The Prototypical Young L/T-Transition Dwarf HD 203030B Likely Has Planetary Mass
AffiliationUniv Arizona, Steward Observ
Univ Arizona, Dept Astron
MetadataShow full item record
PublisherIOP PUBLISHING LTD
CitationThe Prototypical Young L/T-Transition Dwarf HD 203030B Likely Has Planetary Mass 2017, 154 (6):262 The Astronomical Journal
JournalThe Astronomical Journal
Rights© 2017. The American Astronomical Society. All rights reserved.
Collection InformationThis item from the UA Faculty Publications collection is made available by the University of Arizona with support from the University of Arizona Libraries. If you have questions, please contact us at email@example.com.
AbstractUpon its discovery in 2006, the young L7.5 companion to the solar analog HD 203030 was found to be approximate to 200 K cooler than older late-L dwarfs, which is quite unusual. HD. 203030B offered the first clear indication that the effective temperature at the L-to-T spectral type transition depends on surface gravity: now a well-known characteristic of low-gravity ultra-cool dwarfs. An initial age analysis of the G8V primary star indicated that the system was 130-400 Myr old, and so the companion would be between 12 and 31 M-Jup. Using moderate-resolution near-infrared spectra of HD. 203030B, we now find features of very low gravity comparable to those of 10-150 Myr old L7-L8 dwarfs. We also obtained more accurate near-infrared and Spitzer/IRAC photometry, and we find a (J - K) MKO color of 2.56 +/- 0.13 mag-comparable to those observed in other young planetary-mass objects-and a luminosity of log (L-bol/L-circle dot) = -4.75 +/- 0.04 dex. We further re-assess the evidence for the young age of the host star, HD 203030, with a more comprehensive analysis of the photometry and updated stellar activity measurements and age calibrations. Summarizing the age diagnostics for both components of the binary, we adopt an age of 100 Myr for HD 203030B and an age range of 30-150 Myr. Using cloudy evolutionary models, the new companion age range and luminosity result in a mass of 11 M-Jup with a range of 8-15 M-Jup, and an effective temperature of 1040 +/- 50 K.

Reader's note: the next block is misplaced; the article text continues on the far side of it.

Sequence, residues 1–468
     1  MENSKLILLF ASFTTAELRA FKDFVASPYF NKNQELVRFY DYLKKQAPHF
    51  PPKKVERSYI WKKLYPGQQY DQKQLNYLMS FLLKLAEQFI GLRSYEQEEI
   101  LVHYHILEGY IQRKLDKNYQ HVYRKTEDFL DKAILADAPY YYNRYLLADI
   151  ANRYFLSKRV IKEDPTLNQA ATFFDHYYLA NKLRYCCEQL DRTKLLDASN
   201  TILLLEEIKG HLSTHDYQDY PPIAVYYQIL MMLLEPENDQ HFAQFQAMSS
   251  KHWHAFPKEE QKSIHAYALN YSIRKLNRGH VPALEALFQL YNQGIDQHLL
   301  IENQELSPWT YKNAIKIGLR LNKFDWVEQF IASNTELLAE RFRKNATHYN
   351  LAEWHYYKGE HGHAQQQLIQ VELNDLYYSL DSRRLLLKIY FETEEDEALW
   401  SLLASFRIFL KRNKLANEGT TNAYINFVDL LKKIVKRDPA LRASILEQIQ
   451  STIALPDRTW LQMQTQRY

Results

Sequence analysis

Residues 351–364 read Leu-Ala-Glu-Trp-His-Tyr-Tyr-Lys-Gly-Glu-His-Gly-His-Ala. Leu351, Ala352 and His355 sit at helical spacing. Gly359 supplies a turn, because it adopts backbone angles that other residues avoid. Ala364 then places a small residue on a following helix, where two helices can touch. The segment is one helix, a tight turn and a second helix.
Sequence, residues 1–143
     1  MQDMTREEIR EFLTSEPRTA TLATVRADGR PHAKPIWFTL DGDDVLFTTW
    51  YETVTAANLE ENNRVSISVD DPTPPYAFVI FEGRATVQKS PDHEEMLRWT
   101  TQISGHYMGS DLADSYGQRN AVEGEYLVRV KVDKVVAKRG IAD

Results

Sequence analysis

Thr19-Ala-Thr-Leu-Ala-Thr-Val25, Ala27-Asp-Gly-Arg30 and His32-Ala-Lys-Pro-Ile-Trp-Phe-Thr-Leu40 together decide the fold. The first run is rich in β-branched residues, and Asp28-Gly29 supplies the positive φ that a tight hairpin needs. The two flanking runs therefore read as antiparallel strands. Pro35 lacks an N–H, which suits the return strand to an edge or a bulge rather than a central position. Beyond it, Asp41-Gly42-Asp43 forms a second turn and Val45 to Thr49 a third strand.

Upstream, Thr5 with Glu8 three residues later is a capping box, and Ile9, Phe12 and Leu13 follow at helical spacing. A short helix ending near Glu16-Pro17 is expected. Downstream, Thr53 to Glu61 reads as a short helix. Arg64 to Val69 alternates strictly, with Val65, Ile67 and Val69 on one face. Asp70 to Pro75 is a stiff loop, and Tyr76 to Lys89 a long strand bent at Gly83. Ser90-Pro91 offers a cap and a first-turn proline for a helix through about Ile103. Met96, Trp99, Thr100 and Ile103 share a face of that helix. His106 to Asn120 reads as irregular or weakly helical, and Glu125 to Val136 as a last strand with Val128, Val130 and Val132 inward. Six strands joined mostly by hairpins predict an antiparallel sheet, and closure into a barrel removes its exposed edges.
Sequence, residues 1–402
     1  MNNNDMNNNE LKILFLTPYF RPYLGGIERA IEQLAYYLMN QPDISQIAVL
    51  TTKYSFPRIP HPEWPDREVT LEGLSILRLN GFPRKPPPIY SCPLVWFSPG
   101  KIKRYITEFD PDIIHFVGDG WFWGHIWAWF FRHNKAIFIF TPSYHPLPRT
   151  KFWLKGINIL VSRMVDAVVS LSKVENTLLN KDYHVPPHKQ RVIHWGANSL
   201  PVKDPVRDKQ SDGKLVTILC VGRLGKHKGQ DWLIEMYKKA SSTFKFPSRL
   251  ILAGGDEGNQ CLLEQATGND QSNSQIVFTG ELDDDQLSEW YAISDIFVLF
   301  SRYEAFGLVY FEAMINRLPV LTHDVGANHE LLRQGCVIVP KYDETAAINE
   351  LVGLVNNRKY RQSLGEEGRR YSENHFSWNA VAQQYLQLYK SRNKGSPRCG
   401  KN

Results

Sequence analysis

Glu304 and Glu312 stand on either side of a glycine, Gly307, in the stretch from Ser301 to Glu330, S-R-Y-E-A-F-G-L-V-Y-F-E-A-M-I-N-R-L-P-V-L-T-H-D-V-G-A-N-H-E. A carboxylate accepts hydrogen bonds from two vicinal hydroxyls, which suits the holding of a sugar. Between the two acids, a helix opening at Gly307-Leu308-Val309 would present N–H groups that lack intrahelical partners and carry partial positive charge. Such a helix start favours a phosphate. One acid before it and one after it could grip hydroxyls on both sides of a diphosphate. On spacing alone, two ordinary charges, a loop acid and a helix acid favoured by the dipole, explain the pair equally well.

VersionFinal published version
SponsorsNASA; NASA Jet Propulsion Laboratory [1273192, 1369094]; W.M. Keck Foundation; Pennsylvania State University; Eberly College of Science; Pennsylvania Space Grant Consortium; National Aeronautics and Space Administration [NNH14CK55B]